The Okhrana: The Russian Department of Police. A Bibliography by Edward Ellis Smith. Book review by Thomas G. Therkelsen

2 JULY 96



THE OKHRANA: The Russian Department of Police. A Bibliography by Edward Ellis Smith. (The Hoover Institution Bibliographical Series XXXIII. Stanford University. 1967. 280 pp. $10.00.)

The Russian imperial secret service, the Okhrana, is the only major security establishment of the twentieth century about which a comprehensive bibliography, including material from its own files and interrogations of its leaders, could possibly appear as an open publication. It went out of existence in 1917, when the provisional regime took over and the revolutionary mobs destroyed most of the centrally and provincially kept records. The Bolsheviks promptly established their own Cheka, but in no way as a continuation of the Okhrana. Instead of safeguarding the secrets of the predecessor agency, the Cheka of the Soviets publicized and exploited them to serve their purposes.

Despite the voluminous Soviet writings about the Okhrana, however, nothing has as yet come out of the USSR in the form of bibliography on this important agency of the old regime. The present volume coming from the Hoover Institution is therefore unique, perhaps the only publication of the kind in the West. It is also logical that such a book was prepared at the Hoover Institution, well-known as the most comprehensive repository of the Okhrana materials. Its holdings include the nearly intact archive of the Paris headquarters, which duplicated the records kept at the home office in Petrograd, as well as voluminous data on international intelligence operations which were not as fully recorded at the capital.

The author points out in his introduction that "no general work exists encompassing the Russian security-intelligence organizations for the period from 1881 to 1917," the Okhrana's span of life. Various authors have written about it, but "narrowness of treatment and bias mark most works on the Okhrana," so that the resulting tracts on the subject are notably subjective. He is entirely correct in this respect, and his own analysis of the titles and contents does not entirely escape the taint of the partiality of the authors.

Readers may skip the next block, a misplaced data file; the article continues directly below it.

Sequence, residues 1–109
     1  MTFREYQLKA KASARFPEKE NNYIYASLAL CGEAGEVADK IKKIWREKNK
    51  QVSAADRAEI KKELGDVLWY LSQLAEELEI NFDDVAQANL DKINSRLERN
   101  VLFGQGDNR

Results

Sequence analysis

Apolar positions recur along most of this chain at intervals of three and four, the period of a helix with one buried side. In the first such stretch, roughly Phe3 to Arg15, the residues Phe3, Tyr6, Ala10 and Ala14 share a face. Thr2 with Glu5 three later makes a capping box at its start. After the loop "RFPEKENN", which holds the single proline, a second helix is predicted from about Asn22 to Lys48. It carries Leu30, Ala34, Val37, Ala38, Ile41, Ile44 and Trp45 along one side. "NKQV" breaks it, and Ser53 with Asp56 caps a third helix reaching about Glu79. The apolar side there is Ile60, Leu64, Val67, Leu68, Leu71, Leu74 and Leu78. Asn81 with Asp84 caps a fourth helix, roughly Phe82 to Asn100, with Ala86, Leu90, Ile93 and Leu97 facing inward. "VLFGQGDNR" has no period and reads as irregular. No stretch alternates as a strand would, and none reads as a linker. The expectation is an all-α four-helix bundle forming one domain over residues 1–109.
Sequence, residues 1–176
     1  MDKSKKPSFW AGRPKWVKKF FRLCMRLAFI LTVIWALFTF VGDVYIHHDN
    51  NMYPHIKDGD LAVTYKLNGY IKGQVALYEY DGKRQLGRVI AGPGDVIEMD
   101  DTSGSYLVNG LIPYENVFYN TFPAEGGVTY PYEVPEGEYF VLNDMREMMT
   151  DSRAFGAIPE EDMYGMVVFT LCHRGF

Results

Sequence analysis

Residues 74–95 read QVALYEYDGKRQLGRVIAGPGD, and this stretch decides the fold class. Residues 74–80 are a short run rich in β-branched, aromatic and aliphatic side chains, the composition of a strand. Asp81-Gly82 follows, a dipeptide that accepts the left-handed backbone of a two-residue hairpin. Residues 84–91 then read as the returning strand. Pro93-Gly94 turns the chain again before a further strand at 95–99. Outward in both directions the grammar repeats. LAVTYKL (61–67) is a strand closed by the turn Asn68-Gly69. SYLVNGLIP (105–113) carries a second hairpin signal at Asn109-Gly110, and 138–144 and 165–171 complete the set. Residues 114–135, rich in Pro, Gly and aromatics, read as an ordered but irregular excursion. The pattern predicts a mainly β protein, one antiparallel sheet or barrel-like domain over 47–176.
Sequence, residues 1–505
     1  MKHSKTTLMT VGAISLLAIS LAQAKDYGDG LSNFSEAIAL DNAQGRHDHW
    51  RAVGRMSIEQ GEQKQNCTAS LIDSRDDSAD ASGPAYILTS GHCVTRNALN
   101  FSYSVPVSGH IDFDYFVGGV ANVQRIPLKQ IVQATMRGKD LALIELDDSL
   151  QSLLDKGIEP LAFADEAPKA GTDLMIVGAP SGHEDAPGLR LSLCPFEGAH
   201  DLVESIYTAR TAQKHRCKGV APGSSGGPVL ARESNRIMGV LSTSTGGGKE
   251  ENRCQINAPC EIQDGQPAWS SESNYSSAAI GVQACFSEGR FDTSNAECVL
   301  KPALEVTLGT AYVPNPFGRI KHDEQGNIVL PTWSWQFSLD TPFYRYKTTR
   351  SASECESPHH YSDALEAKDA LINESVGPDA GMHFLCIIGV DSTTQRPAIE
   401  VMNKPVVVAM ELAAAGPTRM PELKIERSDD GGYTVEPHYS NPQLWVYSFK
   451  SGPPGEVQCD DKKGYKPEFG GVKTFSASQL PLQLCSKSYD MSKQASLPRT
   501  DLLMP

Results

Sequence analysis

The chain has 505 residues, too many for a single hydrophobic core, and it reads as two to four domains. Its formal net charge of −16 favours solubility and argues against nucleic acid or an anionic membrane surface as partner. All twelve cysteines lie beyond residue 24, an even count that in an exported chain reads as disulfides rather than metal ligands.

Some of the writings discuss the Okhrana's antecedents with centuries-old origins, dating back to Ivan the Terrible and his Oprichnina, and follow stages of evolution as landmarked in imperial decrees and statutes. For an understanding of the Okhrana, and the subsequent Soviet security establishments, such historic factors and mores underlying the whole system of Russian counterintelligence and counterespionage, past and present, are of cardinal significance. The Okhrana, as sponsored by the imperial decrees, and as described by some of its former top officials in exile, was an essentially humane agency for the preservation of law and order. Its task was to safeguard the existing regime and specifically to neutralize or eliminate the elements that threatened it: the anarchists (nihilists), assassins, revolutionaries, and other political troublemakers. In contrast, the writers on the revolutionary side universally dubbed it as a tyrannical and brutal police state within the state. Their flood of propaganda precluded any objective writing about it at home or abroad.